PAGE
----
April 5, 2023
The early period after tooth extraction is a critical period for wound healing. Wound healing after tooth extraction is considered secondary intention healing. It involves several stages as follows: hemostasis, inflammatory phase, proliferative phase, and finally the remodeling phase.
Wounds usually heal normally unless there is interference by local or systemic factors. In certain circumstances, early wound healing can be enhanced by several interventions such as antibiotics, mouthwashes, or topical medications. Myrrh has been used as a topical medication for promoting wound healing after tooth extraction. It is an aromatic resin exudate obtained from Commiphora molmol and Commiphora myrrh trees, which are species of the Burseraceae family. These species are found in southern Arabia, and from Northeast Africa to Northeast Kenya. Myrrh is chemically composed of about 30–60% of water-soluble gum, 20–40% of alcohol-soluble resin, and 3–8% of volatile oil.
Myrrh has been used as a medicine by Chinese people since the Tang Dynasty in A.D. 60. It has also been used for many years as a medicine in the Middle East Alternative medicine has been well accepted by the public with more than half of the worldwide population using it for treatment. Myrrh, which is used in alternative medicine, was traditionally used for wound care and to treat several diseases including joint pains, gastric problems, infections , sore throats, cough, and burns. It is also used as an oral mouthwash and as anticancer treatment.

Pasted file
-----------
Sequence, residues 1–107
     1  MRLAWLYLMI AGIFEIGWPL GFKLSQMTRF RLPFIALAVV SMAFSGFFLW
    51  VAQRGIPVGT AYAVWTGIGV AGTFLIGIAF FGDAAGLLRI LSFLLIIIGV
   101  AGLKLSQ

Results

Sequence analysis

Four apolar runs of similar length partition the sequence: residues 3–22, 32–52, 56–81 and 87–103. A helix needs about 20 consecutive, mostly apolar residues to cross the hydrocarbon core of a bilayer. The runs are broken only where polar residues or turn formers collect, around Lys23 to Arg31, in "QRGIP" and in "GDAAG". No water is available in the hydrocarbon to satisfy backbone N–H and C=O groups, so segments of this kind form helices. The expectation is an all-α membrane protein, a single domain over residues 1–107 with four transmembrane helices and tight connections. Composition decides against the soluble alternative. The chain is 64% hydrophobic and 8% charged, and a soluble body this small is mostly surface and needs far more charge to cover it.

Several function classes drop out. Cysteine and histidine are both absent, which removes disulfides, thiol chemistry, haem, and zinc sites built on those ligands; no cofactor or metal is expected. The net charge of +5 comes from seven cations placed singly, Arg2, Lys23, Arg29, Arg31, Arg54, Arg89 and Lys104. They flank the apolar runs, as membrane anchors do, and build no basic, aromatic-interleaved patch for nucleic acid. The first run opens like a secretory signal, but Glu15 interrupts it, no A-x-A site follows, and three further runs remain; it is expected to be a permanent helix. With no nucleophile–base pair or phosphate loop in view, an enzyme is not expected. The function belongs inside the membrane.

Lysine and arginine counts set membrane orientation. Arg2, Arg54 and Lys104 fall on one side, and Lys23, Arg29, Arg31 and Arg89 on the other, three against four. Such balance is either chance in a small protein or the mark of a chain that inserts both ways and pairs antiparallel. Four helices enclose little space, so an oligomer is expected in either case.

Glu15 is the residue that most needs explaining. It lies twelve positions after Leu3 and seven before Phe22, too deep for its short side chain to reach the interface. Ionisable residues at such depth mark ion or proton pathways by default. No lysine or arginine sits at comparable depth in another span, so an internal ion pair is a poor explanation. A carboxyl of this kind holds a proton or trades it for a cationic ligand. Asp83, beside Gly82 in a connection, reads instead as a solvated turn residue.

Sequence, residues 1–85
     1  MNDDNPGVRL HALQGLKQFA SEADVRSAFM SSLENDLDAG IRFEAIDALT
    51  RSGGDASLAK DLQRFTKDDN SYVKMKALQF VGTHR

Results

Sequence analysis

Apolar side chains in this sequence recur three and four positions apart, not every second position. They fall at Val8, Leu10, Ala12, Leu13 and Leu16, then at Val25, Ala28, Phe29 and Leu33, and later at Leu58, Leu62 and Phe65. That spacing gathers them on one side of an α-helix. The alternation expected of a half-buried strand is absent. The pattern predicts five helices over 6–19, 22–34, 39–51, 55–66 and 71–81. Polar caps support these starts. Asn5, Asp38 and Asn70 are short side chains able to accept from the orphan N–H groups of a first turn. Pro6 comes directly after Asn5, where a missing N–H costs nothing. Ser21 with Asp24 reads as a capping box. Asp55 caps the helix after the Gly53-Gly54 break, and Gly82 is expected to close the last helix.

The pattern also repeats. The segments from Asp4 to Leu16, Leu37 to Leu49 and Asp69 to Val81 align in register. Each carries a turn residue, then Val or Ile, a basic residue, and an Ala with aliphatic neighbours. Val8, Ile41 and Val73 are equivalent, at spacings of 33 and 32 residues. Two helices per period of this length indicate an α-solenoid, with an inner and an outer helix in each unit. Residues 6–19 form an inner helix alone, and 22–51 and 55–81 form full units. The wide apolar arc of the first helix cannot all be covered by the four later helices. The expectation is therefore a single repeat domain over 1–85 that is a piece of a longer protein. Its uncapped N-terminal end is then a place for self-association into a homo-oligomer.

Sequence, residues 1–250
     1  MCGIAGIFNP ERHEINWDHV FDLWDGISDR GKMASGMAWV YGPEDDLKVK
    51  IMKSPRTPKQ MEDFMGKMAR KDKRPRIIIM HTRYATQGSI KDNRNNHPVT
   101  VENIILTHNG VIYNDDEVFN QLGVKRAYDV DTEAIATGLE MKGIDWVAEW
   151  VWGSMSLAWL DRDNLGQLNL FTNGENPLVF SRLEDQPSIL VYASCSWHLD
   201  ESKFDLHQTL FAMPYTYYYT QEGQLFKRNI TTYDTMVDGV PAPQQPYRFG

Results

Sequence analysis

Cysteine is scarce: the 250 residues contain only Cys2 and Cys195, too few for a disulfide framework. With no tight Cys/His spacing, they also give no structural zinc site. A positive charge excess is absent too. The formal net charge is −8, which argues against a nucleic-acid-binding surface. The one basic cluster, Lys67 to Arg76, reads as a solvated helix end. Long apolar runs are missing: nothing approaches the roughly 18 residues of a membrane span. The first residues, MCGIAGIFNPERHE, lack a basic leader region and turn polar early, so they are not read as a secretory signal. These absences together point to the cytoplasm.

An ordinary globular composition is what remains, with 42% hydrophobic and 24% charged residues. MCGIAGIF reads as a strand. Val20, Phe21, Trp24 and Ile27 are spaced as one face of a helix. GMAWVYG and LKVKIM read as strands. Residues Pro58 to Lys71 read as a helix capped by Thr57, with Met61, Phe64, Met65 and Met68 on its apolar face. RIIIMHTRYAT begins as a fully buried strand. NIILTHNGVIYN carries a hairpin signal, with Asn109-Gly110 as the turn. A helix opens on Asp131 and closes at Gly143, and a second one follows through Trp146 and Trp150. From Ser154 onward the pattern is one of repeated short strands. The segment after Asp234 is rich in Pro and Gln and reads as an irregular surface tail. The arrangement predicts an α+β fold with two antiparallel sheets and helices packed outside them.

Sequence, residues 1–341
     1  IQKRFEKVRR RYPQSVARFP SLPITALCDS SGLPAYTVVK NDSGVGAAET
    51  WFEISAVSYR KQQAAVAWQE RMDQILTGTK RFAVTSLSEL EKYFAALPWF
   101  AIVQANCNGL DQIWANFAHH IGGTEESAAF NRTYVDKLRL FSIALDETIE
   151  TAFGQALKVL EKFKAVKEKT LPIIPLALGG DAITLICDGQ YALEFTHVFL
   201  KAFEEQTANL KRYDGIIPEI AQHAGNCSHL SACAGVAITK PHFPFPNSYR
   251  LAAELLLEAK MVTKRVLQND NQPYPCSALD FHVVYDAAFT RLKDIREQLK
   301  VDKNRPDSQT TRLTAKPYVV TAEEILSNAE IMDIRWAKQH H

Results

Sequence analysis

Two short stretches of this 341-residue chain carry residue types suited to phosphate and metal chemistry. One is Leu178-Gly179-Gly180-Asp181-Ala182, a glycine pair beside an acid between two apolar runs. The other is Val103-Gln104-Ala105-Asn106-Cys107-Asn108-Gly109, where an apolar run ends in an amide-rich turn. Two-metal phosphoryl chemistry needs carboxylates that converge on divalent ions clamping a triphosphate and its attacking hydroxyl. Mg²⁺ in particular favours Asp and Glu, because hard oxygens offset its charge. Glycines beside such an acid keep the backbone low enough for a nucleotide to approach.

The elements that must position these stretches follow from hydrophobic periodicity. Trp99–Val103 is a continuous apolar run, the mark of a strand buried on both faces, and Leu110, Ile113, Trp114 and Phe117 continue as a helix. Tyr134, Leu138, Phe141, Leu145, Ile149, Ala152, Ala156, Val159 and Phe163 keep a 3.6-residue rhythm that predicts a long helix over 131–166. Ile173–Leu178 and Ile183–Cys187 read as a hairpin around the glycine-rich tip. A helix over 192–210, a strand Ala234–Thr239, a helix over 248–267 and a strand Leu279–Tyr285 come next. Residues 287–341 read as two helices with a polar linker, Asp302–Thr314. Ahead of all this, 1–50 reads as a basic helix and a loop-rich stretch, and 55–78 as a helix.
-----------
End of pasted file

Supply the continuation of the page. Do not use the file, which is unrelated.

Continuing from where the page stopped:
40 healthy adult patients were enrolled in this study (20: study group and 20: control group). ). All the activities performed for each group were double-blinded. All the participants underwent dental extraction under local anesthesia using standard protocol. Patients were randomized into two groups. Group A (Test group) consisted of subjects who were prescribed to use Commiphora molmol (myrrh) extract as a mouthwash twice a day for 7 days, beginning from the 1st post-operative day. The required mouthwash amount of 250 ml was made by providing
Group B (Control group) consisted of patients who were prescribed to use saline mouthwash (0.90% w/v of NaCl) twice a day for 7 days beginning from the 1st post-operative day. The researcher prepared unlabeled packs of white nontransparent filter paper, each contains 2.25gm of sodium chloride. Similarly, the patients were instructed to put each pack in a cup of 250 ml warm water for use as a mouthwash.
There was a statistically significant between-group difference in postoperative surgical-site edema, tenderness, and socket size, with the test group showing greater improvements.
Regarding the patients’ symptoms in the control group, it was found that 70% of the participants had no pain, 20% had some degree of pain, and 10% had severe pain. In the experimental group, 95% of the participants had no pain and 5% had some degree of pain.
Thus, these studies show that Myrrh mouthwash has an enhancement effect on wound healing during the early period after tooth extraction.